It's an old story - and frankly one that has been (and will be) debated for years to come. Just how much influence does advertising unhealthy foods effect the waistlines and general health of our youth?
It's an old story - and frankly one that has been (and will be) debated for years to come. Just how much influence does advertising "unhealthy" foods effect the waistlines and general health of our youth?
Both sides of the debate are armed with medical and psychological studies which prove THEIR point - which is why the debate continues. And the debate in Washington D.C. seems to be gaining fervor - perhaps good news and clarity on the way?
Just last week the The Federal Trade Commission announced the debate is not over yet - the organization is taking yet another look at the "proposed" guidelines. In a published statement last Friday, Cecelia Prewett of the FTC said, “Congress has clearly changed its mind,” about the marketing guidelines and that FTC, “will be assessing its language and working toward congressional intent.” According to the Associated Press, Sen. Tom Harkin, (D-Iowa), who led the 2009 effort to introduce the legislation to regulate the advertising, said Friday that the delay, “is a huge loss for our nation’s children, who will continue to be bombarded with ads for junk food and sugary soft drinks.”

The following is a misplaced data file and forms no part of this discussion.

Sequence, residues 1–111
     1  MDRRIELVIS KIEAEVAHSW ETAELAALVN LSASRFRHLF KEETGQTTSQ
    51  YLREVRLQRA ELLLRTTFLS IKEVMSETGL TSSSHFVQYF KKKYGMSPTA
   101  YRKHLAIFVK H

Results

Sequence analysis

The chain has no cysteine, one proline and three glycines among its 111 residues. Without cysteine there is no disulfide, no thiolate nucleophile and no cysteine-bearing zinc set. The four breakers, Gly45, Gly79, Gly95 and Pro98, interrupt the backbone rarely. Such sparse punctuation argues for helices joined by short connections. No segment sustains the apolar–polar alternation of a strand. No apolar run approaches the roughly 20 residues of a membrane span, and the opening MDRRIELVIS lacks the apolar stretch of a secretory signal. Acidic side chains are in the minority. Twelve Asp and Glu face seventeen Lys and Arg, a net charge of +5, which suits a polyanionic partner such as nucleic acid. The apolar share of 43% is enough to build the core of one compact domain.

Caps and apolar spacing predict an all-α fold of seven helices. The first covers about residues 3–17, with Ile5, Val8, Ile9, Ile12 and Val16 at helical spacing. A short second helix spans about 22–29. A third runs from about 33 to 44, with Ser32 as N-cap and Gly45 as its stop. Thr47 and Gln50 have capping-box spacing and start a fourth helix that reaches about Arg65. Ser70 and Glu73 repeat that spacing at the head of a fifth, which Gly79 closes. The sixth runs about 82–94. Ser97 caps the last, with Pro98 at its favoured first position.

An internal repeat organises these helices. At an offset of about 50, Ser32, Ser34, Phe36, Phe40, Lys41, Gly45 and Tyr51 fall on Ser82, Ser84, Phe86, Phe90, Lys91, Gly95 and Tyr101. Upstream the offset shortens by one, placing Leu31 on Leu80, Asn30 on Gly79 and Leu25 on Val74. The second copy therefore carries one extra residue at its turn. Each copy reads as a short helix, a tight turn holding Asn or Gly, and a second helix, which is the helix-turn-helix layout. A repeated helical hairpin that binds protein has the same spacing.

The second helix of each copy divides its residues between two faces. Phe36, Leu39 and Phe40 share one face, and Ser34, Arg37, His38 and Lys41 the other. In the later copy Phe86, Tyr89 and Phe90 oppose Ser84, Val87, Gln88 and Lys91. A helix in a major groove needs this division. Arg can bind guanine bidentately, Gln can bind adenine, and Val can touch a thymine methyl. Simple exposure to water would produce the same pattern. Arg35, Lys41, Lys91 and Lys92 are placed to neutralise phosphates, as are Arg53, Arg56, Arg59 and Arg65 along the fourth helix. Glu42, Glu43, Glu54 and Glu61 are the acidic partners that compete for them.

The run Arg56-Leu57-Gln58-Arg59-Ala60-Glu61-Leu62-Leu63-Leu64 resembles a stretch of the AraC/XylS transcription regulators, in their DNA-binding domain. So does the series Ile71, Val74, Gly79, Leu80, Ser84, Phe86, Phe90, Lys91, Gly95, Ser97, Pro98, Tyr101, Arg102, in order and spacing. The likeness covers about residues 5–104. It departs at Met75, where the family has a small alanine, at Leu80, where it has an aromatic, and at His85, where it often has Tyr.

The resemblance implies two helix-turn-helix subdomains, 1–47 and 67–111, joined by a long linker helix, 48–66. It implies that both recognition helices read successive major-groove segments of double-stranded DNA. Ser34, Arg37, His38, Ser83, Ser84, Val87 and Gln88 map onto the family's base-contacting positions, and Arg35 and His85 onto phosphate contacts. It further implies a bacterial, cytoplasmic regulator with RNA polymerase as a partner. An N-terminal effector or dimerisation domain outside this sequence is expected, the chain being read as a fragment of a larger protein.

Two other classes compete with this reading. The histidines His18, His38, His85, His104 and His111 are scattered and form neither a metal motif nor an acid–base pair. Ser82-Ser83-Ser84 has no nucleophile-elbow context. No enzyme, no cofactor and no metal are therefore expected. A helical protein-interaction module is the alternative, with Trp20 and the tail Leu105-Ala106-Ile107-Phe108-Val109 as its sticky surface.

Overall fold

Earlier this year, voluntary guidelines were proposed that set maximum levels of fat, sugars and sodium. The guidelines also recommended that food companies not market any beverages or foods that exceed the maximum levels to children ages two through 17 - on television, websites, signage and even the food packages themselves (sorry Tony!).
And most important is that at this point the suggested guidelines are voluntary…so why the debate? We at The Lempert Report believe that the lobbying against "voluntary guidelines" are sure to fast track mandatory ones. And we lose yet another opportunity to show our shoppers (and the government) that in fact we can do the right thing - without legislation.